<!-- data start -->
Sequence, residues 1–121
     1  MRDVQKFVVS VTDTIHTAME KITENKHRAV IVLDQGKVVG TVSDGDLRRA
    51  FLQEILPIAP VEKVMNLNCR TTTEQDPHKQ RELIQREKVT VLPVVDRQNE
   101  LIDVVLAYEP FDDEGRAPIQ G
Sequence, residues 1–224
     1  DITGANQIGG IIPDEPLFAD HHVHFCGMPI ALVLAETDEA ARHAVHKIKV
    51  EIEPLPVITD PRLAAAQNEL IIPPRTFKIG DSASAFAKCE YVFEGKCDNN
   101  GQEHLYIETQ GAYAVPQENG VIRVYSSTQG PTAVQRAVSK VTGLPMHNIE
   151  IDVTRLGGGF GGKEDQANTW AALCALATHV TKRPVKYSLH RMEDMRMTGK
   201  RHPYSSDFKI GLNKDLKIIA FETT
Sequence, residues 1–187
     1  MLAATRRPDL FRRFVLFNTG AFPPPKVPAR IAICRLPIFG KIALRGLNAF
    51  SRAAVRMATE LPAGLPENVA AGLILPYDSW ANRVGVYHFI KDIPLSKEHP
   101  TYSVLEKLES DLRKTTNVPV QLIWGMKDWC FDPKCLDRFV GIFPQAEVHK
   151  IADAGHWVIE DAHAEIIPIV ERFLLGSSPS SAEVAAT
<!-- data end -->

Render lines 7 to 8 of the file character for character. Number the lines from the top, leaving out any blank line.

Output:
    51  EIEPLPVITD PRLAAAQNEL IIPPRTFKIG DSASAFAKCE YVFEGKCDNN
   101  GQEHLYIETQ GAYAVPQENG VIRVYSSTQG PTAVQRAVSK VTGLPMHNIE